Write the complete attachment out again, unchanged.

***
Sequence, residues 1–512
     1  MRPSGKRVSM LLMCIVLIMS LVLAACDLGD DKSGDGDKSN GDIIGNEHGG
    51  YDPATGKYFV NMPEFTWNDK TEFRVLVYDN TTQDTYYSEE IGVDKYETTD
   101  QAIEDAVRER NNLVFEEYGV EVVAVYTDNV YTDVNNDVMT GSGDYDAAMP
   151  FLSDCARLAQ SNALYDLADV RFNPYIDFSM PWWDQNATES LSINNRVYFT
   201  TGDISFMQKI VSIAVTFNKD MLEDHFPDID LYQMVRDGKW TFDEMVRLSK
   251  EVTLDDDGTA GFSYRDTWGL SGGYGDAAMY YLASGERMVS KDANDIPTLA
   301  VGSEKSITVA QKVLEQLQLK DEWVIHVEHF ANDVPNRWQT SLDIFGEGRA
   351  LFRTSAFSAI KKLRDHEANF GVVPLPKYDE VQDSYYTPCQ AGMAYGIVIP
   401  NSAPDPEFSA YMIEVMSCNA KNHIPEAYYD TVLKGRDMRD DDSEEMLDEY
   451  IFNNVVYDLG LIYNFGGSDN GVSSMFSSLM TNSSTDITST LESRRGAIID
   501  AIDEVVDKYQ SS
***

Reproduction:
Sequence, residues 1–512
     1  MRPSGKRVSM LLMCIVLIMS LVLAACDLGD DKSGDGDKSN GDIIGNEHGG
    51  YDPATGKYFV NMPEFTWNDK TEFRVLVYDN TTQDTYYSEE IGVDKYETTD
   101  QAIEDAVRER NNLVFEEYGV EVVAVYTDNV YTDVNNDVMT GSGDYDAAMP
   151  FLSDCARLAQ SNALYDLADV RFNPYIDFSM PWWDQNATES LSINNRVYFT
   201  TGDISFMQKI VSIAVTFNKD MLEDHFPDID LYQMVRDGKW TFDEMVRLSK
   251  EVTLDDDGTA GFSYRDTWGL SGGYGDAAMY YLASGERMVS KDANDIPTLA
   301  VGSEKSITVA QKVLEQLQLK DEWVIHVEHF ANDVPNRWQT SLDIFGEGRA
   351  LFRTSAFSAI KKLRDHEANF GVVPLPKYDE VQDSYYTPCQ AGMAYGIVIP
   401  NSAPDPEFSA YMIEVMSCNA KNHIPEAYYD TVLKGRDMRD DDSEEMLDEY
   451  IFNNVVYDLG LIYNFGGSDN GVSSMFSSLM TNSSTDITST LESRRGAIID
   501  AIDEVVDKYQ SS